The Virginia Citizens Defense League, the gun rights group organizing a large protest in Richmond next week, is considering legal action to block what it believes is an unlawful emergency declaration by Gov. Ralph Northam (D) to ban firearms from the protest site, according to Bearing Arms.
On Wednesday, Northam declared a state of emergency that banned people from carrying guns on state Capitol grounds, claiming the measure was necessary to guarantee safety when thousands of pro-Second Amendment demonstrators gather next week — and likely a significant number of counterprotesters.
In order to declare such an emergency, Northam appealed to a 2012 law that grants him authority to ban guns "to the extent necessary to ensure public safety in any place or facility designated or used by the Governor, any political subdivision of the Commonwealth, or any other governmental entity as an emergency shelter or for the purpose of sheltering persons."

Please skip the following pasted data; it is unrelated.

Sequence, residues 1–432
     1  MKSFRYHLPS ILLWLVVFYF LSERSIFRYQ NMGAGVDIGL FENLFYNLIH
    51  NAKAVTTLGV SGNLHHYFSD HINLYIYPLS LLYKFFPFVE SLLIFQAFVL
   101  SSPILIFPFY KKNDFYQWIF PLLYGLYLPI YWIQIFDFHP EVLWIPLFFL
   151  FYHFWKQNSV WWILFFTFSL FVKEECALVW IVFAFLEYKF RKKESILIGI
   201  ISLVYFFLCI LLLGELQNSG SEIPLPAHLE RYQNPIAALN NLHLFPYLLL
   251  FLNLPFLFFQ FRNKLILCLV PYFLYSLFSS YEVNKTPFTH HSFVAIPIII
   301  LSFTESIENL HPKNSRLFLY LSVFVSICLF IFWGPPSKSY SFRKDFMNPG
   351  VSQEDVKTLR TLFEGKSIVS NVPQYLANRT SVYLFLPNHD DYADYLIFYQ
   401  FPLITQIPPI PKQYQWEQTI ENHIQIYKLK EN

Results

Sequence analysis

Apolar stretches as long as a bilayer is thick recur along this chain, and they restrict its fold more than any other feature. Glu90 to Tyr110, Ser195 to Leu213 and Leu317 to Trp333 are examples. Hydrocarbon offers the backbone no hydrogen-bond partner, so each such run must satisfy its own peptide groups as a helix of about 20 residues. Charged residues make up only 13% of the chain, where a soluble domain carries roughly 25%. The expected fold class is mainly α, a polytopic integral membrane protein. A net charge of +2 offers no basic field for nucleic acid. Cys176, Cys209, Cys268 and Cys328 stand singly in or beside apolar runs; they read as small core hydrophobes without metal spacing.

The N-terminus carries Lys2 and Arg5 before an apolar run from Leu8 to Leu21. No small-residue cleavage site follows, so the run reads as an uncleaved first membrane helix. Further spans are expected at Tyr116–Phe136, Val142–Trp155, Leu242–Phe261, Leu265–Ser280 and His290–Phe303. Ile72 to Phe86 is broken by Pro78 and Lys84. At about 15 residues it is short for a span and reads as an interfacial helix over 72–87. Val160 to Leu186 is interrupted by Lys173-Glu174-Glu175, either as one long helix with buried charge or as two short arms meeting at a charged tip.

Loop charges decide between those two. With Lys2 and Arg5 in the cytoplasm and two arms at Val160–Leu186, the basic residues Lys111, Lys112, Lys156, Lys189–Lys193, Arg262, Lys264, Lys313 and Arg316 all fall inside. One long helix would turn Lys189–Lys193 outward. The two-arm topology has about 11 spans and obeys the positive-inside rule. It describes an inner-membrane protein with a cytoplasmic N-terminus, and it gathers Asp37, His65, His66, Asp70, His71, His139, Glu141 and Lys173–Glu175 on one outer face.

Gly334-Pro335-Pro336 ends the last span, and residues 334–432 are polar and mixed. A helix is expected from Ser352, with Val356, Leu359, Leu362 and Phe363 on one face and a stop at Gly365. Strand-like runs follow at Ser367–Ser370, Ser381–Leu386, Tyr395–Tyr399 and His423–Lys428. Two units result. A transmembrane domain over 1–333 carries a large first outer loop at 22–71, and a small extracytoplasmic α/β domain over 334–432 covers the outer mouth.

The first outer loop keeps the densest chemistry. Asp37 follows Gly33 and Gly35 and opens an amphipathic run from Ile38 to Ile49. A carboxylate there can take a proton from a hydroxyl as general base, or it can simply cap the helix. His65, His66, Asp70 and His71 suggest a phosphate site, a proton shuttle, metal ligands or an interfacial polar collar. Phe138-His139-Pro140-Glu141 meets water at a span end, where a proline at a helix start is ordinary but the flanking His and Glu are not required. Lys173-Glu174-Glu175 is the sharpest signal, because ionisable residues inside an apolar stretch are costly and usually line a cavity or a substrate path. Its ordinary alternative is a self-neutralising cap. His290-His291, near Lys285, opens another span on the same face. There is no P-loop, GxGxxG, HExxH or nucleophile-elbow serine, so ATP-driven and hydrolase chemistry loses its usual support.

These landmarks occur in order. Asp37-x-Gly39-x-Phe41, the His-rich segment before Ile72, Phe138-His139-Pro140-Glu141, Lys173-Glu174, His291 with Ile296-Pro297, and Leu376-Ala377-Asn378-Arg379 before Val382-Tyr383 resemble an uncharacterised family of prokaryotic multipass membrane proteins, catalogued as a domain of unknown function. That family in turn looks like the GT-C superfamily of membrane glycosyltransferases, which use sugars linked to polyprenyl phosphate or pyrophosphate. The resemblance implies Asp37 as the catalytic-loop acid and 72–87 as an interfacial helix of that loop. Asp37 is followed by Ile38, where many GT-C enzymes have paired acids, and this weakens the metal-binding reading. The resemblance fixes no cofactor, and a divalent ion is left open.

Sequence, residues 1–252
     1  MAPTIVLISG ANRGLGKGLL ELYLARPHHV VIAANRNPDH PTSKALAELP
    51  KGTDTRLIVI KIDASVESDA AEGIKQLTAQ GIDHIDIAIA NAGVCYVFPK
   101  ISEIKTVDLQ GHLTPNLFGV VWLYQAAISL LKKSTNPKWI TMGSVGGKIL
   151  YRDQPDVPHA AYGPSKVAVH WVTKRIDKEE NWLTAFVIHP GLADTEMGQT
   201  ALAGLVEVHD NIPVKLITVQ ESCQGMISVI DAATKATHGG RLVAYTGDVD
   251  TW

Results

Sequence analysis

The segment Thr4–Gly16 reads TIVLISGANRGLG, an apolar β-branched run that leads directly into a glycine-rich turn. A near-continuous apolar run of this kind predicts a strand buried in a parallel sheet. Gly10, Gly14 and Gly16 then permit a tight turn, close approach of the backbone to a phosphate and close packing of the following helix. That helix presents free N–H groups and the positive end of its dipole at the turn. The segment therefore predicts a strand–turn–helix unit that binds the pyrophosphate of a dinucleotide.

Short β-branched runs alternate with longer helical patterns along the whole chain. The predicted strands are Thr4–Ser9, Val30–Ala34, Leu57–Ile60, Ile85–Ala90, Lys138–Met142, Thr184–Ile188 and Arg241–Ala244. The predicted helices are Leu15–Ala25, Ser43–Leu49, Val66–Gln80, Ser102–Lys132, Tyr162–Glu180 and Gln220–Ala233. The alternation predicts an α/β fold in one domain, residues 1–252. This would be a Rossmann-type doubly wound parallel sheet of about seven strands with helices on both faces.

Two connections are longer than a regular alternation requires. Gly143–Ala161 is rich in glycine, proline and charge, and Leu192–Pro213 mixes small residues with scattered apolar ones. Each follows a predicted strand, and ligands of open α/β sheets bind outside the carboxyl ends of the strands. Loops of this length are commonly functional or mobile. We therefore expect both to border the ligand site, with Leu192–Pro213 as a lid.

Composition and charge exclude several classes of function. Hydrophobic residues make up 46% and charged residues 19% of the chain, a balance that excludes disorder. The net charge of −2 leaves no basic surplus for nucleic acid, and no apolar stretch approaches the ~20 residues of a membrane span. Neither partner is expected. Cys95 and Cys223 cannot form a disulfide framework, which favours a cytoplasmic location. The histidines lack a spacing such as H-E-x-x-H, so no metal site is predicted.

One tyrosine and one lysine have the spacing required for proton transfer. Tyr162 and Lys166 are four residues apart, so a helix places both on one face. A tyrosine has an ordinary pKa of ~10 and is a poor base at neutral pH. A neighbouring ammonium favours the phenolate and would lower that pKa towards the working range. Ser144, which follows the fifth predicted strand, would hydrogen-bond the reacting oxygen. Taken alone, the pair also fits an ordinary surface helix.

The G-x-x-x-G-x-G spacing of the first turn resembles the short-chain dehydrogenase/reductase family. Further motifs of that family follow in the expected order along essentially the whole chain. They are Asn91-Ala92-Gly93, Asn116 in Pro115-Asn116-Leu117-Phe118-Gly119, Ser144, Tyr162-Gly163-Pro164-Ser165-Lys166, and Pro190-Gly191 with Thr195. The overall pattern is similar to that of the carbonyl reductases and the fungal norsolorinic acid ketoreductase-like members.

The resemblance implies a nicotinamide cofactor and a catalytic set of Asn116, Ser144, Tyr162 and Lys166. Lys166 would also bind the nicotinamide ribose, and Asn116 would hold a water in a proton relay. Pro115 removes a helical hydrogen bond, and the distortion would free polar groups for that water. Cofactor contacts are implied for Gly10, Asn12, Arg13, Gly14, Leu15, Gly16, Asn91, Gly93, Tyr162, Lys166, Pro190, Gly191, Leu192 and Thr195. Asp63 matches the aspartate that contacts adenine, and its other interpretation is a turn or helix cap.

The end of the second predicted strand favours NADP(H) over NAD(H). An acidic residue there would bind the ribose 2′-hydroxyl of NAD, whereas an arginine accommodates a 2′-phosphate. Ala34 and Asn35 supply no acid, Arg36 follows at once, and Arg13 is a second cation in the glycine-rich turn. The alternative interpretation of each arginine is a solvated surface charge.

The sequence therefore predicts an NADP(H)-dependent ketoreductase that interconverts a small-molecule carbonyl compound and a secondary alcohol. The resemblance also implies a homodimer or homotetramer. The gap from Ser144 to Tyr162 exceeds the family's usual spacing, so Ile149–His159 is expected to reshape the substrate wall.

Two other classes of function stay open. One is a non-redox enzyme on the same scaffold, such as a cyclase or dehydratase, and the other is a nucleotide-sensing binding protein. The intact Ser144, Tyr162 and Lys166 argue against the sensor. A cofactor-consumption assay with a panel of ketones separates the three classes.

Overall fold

Northam's application of the law means he is attempting to classify the area around the Capitol as a shelter, an interpretation even one of the law's co-authors finds perplexing.
"So the Governor has declared the Capitol Grounds a "Shelter" in order to get around the law," wrote former Virginia delegate Mike Watson. "I'm curious how many times a 14 acre plot of land has been designated an emergency shelter?"
So the Governor has declared the Capitol Grounds a "Shelter" in order to get around the law. I'm curious how many… https://t.co/AMoNqVc2TP— Mike Watson_Virginia (@Mike Watson_Virginia)1579131467.0
https://t.co/SdJPH1j3L2 And per COV sheltering strategy, Capitol Square does not meet the qualifications of an emer… https://t.co/9jcBdABy1s— Mike Watson_Virginia (@Mike Watson_Virginia)1579190936.0
There is the question of whether the VCDL has enough time to get a legal injunction blocking the emergency declaration, with the protest scheduled to take place Monday.
Philip Van Cleave, president of the VCDL, has urged all protest participants to avoid engaging with counterprotesters and authorities, and discouraged militia groups from providing security, instead emphasizing that police can and will handle that.
"Lobby Day is a peaceful event about gun rights and NOTHING ELSE," Van Cleave wrote in a statement.